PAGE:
Accenture’s REAL Core Values
ContentsPart 1: Critique
Looking at Accenture’s value document, you can wonder if they expect anyone to actually believe them.
It is normal for companies to define corporate values supposed to guide decision making. These values are often very noble.
This article will analyze and critique the stated values of Accenture.
Accenture claims to value:
- best people,
- client value creation,
- one global network,
- respect for the individual, and
Accenture’s claim: "Fulfilling our obligation of building a better, stronger and more durable company for future generations, protecting the Accenture brand, meeting our commitments to stakeholders, acting with an owner mentality, developing our people and helping improve communities and the global environment."
The first part is quite true; it’s all about growing and earning more money for Accenture. By stakeholders they only mean owners, which include all Managing Directors (SE:s) or Partners.
"Developing our people" is an exaggeration, to say the least. No one in high-up in Accenture cares for the development of the employees. They don’t even care about the skills that people have (roles are assigned randomly) – what is important is "delivering" meaning doing as much work as possible. It’s all about quantity at Accenture, not quality.
Success is measured in billable hours and sales, and that is what gets the SE:s promoted in Accenture. The Managing Directors don’t care about communities or the global environment at all, except for selling sustainability projects.
2. Best People
Accenture’s claim: "Attracting, developing and retaining the best talent for our business, challenging our people, demonstrating a "can-do" attitude and fostering a collaborative and mutually supportive environment."
When you have reached over 280.000 employees and your yearly employee turn-over is sky-high (+20%) you cannot really claim to only be recruiting the best.
Considering the Managing Directors’ arrogance and their wish to be the best, "Best" might be a value in the sense of self-image. But more interesting is to look at the cultural values.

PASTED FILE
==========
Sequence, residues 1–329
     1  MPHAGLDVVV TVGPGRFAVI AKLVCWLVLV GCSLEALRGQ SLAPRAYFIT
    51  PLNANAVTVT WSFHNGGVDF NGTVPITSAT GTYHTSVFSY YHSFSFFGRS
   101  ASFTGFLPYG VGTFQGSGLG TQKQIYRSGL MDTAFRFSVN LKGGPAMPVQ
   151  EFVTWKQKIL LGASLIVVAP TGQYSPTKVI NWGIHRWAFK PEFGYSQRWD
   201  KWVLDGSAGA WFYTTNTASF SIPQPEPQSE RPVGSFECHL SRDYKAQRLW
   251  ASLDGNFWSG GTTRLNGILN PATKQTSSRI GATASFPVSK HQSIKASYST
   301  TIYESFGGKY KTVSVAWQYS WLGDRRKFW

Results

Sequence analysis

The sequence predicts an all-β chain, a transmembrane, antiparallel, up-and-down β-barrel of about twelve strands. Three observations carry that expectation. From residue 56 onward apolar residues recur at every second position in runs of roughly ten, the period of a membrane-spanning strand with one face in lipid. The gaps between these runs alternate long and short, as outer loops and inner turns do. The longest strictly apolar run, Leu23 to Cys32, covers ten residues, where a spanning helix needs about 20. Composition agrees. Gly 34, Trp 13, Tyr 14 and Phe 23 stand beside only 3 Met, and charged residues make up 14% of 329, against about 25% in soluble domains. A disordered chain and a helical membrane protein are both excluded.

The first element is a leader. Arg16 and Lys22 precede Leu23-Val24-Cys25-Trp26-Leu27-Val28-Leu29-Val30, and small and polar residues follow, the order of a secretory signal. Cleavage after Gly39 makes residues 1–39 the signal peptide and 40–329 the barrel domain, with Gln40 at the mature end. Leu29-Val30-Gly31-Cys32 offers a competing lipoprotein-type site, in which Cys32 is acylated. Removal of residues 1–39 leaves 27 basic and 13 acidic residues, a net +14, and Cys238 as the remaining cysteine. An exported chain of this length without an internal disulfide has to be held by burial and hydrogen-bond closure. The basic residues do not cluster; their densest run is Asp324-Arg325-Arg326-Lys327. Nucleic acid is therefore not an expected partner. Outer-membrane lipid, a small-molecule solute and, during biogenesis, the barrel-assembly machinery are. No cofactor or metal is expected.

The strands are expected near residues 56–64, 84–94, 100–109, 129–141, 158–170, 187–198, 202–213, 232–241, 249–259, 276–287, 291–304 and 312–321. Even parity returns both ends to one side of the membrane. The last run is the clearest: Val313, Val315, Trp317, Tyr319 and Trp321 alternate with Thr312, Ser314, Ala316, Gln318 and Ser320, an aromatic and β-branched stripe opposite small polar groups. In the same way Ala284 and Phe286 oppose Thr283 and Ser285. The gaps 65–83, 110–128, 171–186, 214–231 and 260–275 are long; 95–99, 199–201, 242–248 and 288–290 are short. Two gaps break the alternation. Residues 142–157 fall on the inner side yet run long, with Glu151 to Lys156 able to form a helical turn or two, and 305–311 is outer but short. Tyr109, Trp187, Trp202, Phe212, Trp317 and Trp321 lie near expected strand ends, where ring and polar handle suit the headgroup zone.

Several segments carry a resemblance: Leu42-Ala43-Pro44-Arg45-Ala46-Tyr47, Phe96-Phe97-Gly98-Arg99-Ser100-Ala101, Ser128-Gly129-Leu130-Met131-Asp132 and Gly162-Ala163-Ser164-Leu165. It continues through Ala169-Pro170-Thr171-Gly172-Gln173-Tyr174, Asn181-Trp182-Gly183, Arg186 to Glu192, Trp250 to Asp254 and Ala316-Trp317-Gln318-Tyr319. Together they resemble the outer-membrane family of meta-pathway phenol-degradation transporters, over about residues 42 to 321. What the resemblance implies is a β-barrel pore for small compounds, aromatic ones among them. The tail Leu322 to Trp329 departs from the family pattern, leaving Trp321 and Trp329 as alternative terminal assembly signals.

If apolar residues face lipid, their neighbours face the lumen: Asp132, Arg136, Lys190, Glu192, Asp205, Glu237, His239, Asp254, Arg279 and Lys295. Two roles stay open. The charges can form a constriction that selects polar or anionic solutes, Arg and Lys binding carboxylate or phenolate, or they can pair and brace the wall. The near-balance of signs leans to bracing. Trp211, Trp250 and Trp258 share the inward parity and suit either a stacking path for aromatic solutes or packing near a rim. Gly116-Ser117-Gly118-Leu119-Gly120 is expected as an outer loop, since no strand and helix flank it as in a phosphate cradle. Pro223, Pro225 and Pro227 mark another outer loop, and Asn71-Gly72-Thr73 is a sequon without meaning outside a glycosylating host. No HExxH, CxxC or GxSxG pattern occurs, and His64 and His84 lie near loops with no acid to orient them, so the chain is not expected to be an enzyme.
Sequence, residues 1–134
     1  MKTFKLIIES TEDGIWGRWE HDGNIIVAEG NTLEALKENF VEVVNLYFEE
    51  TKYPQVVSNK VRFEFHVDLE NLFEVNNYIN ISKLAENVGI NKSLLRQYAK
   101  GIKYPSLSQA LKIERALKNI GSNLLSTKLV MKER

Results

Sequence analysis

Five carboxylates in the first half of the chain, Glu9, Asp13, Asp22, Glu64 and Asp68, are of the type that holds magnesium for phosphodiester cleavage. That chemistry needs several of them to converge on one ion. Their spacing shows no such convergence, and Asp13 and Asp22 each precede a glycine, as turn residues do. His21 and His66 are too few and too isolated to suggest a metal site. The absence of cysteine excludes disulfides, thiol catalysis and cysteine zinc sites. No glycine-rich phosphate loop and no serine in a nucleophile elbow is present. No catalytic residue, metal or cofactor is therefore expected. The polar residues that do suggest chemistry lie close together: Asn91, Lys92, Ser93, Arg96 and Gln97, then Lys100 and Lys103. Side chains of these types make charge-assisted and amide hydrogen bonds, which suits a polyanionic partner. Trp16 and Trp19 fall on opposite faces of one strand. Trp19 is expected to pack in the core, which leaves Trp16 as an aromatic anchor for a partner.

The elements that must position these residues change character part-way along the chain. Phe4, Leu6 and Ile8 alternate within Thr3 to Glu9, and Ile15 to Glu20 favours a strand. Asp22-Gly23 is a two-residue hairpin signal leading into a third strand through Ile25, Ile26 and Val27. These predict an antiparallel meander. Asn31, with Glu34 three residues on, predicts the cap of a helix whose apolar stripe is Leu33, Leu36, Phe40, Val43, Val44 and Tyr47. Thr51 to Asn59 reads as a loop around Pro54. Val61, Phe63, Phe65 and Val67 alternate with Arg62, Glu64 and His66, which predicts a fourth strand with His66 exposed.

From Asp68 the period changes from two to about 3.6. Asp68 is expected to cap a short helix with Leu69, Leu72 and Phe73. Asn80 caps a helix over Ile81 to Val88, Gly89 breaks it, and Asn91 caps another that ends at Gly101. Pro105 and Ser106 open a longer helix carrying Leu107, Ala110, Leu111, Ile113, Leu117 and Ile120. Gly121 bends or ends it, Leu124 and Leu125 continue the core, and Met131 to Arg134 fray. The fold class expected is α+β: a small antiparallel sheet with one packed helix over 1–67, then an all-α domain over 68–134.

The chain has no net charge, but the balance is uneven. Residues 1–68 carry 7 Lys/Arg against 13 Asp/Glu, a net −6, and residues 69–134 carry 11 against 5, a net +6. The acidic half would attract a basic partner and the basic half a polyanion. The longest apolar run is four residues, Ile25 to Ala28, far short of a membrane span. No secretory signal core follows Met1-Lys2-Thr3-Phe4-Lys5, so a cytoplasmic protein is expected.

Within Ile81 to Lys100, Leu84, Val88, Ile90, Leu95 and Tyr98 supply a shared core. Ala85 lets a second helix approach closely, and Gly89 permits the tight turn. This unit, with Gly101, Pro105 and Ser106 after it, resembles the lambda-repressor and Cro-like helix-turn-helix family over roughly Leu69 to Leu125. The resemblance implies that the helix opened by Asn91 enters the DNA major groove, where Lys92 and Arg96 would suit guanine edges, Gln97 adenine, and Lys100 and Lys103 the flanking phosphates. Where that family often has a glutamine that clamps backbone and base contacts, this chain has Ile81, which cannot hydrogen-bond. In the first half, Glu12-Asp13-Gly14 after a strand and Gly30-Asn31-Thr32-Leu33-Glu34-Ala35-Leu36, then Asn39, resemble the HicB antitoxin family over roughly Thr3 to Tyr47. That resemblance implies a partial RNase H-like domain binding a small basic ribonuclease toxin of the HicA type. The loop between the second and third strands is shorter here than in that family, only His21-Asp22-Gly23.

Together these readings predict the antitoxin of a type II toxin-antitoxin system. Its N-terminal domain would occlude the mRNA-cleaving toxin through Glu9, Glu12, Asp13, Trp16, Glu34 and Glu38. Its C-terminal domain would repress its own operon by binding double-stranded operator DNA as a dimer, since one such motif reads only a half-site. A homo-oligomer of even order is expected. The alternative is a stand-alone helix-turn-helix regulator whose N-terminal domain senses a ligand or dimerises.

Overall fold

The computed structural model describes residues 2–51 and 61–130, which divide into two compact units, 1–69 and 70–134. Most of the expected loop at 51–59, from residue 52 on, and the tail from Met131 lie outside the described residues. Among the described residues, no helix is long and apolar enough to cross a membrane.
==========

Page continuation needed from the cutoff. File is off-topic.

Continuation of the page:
As mentioned above, Accenture is all about quantity, not quality. "Work hard, not smart." Consider this: working long hours mean higher bills to the clients.
Data processing and secretarial work (i.e. Project Management Office or PMO in Accenture terms) is not really challenging. But these are the kind of tasks that take many (billable) hours to complete.
– Mark Foster, Group CEO of Management Consulting (2009-2011)
Their point about a "can-do" attitude might be true. Let me explain what it would mean to you as a new employee. You cannot say NO to a project. Your skills and career focus matter little when a Managing Director wants to put you in a boring project in an area where you have neither interest nor experience. If a Managing Director tells you to search for bugs in software code alone in a closet at a client location for six months, then you do it.
Accenture is not collaborative and supportive, it is all about elbows. Only a few people at each career level get promoted each year. Accenture uses relative grades in their employee evaluations, called "banding" (or “laddering”), meaning someone in every project has to get a bad grade. The longer people have been in the organization, the more they learn that they need to push their colleagues down. That way they appear to be better than you for the relative grading.
Accenture officially has an "Up or out"-policy (Sources: Accenture, Wikipedia, and Wetfeet.com).
There is little interest in developing the people within Accenture. True, there are many online courses, but you might as well read a Wikipedia Article, and no one has time to take them because of the constant pressure.
Accenture boosts with giving every employee a "Career Counselor". This is just a fancy word for boss.
In short, when it comes to: attracting, developing, retaining, challenging, and collaboration, Accenture does not value Best People. It doesn’t even value people.
3. Client Value Creation
Accenture’s claim: "Enabling clients to become high-performance businesses and creating long-term relationships by being responsive and relevant and by consistently delivering value."
They are more interested in billing than delivering value. At Accenture’s management consulting part there is a constant discussion whether content (advice and information delivered to the client) is more important than form (how well the Power Point presentation looked).
Based on own observations, the guys that had worked at Accenture for a long time would spend their whole day making the Power Point slides beautiful. When the advice that the newer people had elaborated didn’t fit in the slide, the "experienced" Accenture people cut half of the recommendations out. Not summarizing, just deleting the second half.